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17 July 2014

Shock horror: people will take serious pain over phoneless boredom

Left alone in a sparsely furnished room for 15 minutes, stripped of all electronic distractions but one, boredom made the electric-shock machine irresistible.

By Michael Brooks

It is perhaps the most terrifying discovery of the year so far: people would rather give themselves unpleasant electric shocks than be left alone with their thoughts. Roughly 400 undergraduate students at the University of Virginia were first given a shock so powerful that three-quarters of them said they would pay not to experience it a second time. Then they were left alone in a sparsely furnished room for 15 minutes, stripped of all electronic distractions but one. The boredom made the electric shock machine irresistible.

It’s tempting to use this finding to support suspicions that digital technologies are creating a generation of idiots but we don’t have to. We know, for instance, that the experience of pain releases a surge of feel-good, pain-relieving chemicals into our bloodstream. This endorphin rush is one of the reasons that eating a painfully hot curry can be pleasurable.

We also know that our body’s relationship with electricity is more than skin-deep. Every biological cell is a tiny battery, with charges flowing in and out. Map your whole body and you’ll find an intricate web of electrical fields that are vital to maintaining your health. That is why we can accelerate or halt the process of wound-healing by applying voltages across breaks in the skin. Get the voltage and the orientation of the electric field right and the cells that carry out repairs are guided to the affected area more efficiently.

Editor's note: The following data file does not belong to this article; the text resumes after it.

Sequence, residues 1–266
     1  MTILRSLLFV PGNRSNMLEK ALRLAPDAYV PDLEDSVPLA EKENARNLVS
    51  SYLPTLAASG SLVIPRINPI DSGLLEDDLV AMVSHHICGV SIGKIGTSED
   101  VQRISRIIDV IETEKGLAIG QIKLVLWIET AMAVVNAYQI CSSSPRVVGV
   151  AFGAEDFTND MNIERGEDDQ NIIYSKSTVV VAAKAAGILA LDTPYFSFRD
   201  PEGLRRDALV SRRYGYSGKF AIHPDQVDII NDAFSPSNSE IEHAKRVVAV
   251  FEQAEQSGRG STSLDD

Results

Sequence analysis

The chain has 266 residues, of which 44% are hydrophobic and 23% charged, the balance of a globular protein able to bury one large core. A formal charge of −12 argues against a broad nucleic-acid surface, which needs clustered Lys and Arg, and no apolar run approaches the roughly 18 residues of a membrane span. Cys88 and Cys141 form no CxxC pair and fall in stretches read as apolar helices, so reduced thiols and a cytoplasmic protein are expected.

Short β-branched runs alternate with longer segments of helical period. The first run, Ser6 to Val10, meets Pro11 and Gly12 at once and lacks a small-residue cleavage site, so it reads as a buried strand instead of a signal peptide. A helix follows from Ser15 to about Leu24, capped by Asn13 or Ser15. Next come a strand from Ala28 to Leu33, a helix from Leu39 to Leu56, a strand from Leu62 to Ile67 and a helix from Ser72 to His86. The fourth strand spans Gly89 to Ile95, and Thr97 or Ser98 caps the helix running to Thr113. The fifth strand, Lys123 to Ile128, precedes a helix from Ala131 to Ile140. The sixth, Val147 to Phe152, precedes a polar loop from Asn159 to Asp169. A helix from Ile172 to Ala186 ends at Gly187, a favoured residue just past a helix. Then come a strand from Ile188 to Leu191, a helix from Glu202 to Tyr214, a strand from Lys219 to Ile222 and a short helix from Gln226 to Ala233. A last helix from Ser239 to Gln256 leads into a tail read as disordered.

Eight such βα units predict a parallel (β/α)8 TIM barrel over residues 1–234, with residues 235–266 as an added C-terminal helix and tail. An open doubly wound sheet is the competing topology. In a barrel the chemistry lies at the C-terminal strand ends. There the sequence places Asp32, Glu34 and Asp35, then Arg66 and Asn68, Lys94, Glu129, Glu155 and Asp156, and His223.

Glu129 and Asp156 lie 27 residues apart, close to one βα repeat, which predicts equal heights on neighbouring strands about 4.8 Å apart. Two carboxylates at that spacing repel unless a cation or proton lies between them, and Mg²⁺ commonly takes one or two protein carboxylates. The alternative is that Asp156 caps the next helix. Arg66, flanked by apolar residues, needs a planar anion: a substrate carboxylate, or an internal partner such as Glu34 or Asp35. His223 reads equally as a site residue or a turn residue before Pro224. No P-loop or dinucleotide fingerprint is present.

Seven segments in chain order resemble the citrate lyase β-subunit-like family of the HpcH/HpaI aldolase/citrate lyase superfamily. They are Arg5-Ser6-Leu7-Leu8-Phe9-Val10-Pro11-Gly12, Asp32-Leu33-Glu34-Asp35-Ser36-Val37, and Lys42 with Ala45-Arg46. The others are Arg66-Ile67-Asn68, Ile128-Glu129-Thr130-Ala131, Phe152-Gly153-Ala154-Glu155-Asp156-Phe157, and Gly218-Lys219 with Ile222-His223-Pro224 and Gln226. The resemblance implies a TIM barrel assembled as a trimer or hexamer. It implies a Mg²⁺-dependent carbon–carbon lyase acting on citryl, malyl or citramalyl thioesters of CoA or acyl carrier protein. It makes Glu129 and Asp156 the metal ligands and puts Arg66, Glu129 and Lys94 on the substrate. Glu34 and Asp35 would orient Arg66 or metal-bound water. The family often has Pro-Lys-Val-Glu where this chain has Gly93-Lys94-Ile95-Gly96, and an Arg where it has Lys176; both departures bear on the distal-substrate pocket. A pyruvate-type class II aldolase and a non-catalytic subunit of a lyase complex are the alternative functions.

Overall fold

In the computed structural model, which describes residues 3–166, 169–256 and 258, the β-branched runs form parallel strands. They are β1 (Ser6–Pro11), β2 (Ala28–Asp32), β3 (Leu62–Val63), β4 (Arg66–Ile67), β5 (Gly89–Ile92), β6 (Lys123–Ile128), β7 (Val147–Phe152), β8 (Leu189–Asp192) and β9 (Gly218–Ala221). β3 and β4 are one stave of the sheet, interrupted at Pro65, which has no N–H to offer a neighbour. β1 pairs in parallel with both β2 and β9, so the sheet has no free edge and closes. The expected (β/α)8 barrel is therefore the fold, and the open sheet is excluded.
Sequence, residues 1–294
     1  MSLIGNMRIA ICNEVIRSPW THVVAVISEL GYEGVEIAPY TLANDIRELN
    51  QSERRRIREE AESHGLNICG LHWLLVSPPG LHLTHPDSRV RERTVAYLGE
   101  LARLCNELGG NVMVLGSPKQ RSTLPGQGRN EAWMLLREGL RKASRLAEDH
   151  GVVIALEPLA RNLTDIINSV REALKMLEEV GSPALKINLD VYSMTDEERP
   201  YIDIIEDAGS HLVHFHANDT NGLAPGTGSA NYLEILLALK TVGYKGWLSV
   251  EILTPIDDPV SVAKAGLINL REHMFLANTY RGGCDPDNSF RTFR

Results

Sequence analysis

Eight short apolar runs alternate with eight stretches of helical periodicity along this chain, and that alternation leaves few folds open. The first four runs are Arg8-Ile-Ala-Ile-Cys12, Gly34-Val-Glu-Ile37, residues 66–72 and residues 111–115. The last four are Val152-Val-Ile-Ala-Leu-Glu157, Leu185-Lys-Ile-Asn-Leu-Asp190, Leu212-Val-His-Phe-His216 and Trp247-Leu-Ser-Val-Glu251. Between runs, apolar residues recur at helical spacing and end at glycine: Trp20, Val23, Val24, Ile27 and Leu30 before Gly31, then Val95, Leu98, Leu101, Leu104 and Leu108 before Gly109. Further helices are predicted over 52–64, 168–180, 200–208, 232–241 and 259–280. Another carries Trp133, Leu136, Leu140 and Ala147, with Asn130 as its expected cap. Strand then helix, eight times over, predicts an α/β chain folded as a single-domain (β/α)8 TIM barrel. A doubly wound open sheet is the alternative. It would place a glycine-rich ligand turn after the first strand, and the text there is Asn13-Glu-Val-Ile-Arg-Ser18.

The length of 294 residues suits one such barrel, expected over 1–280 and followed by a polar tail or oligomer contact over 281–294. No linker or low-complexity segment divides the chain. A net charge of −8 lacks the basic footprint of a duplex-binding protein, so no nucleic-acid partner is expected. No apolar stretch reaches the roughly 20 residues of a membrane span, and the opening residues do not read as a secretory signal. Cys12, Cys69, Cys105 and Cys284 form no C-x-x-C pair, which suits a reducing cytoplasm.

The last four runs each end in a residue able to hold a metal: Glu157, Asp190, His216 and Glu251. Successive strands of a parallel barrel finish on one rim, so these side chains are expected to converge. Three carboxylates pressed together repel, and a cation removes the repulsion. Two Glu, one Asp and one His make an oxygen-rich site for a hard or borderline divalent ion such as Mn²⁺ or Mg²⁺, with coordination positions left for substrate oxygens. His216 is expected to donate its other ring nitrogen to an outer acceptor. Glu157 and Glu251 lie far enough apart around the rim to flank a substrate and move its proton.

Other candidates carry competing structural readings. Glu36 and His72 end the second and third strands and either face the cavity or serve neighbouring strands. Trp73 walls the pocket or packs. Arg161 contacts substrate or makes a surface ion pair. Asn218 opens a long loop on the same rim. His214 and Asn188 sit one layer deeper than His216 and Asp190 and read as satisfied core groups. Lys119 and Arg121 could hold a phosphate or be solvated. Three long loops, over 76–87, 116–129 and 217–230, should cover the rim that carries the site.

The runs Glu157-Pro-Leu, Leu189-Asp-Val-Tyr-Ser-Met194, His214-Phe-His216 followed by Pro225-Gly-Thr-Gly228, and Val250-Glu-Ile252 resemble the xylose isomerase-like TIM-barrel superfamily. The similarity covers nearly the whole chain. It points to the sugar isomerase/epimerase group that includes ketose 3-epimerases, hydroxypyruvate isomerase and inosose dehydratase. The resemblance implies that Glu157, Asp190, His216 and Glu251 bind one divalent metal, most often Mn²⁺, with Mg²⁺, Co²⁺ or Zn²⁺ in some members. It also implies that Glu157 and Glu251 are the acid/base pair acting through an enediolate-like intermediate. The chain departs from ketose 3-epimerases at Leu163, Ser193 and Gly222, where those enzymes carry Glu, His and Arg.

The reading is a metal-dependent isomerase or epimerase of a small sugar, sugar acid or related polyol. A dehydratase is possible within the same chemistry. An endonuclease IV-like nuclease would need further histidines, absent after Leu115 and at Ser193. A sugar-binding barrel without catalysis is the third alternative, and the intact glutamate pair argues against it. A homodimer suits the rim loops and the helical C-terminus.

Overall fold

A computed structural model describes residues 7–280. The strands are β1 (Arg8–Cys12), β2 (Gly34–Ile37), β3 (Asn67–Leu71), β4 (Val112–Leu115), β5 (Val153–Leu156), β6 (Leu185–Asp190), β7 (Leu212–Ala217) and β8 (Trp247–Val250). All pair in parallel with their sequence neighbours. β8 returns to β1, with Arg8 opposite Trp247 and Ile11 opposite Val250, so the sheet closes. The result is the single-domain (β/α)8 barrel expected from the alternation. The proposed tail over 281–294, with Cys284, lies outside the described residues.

Looking deeper in the body, we are finding that electric currents could offer a path to curing some diseases. A number of conditions, including cancer, heart disease, rheumatoid arthritis and Alzheimer’s and Parkinson’s diseases, are associated with the disrupted flow of electricity across cell walls. Researchers are working on microelectronic devices that will address these disruptions by pushing just a few charges into or out of cells. No one believes that it will be easy to develop such innovations but there are strong incentives in place for those who want to try.

Last year, the pharmaceutical firm GlaxoSmithKline announced a $1m reward for the first researchers to create a truly useful implantable “electroceutical” device, which can exchange electrical signals with the body. This month, the US National Institutes of Health announced $248m of new funding for research into mapping the body’s electrical fields and finding ways to tap into their health-care potential.

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Perhaps the most advanced programmes are studies of how electricity can affect the brain’s performance. Tests carried out by US military researchers have shown that feeding a small current through the skull can provoke enormous gains in focus. Transcranial direct current stimulation (TDCS) has applications in improving snipers’ performance – it doubles the speed with which they spot a threat – but could be applied much more widely if proved to be safe and effective. Research has shown that it could accelerate learning and even improve the efficiency with which people walk.

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No one is yet quite sure how TDCS works but the tiny current seems to excite neurons, preparing them to fire more quickly and in a more co-ordinated fashion. So let’s assume, for the sake of maintaining our species’ dignity, that the University of Virginia students were exploring hidden paths to self-improvement. That will make us feel better than facing up to the attention-deficit disaster.

Michael Brooks’s “At the Edge of Uncertainty: 11 Discoveries Taking Science by Surprise” is published by Profile (£12.99)